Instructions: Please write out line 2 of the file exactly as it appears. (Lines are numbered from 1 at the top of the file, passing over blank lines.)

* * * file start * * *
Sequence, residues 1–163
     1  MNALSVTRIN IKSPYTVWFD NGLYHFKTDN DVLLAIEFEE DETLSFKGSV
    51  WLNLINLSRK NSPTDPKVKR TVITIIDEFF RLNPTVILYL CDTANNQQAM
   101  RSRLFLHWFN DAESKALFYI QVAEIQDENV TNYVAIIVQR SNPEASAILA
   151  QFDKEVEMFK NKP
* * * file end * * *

     1  MNALSVTRIN IKSPYTVWFD NGLYHFKTDN DVLLAIEFEE DETLSFKGSV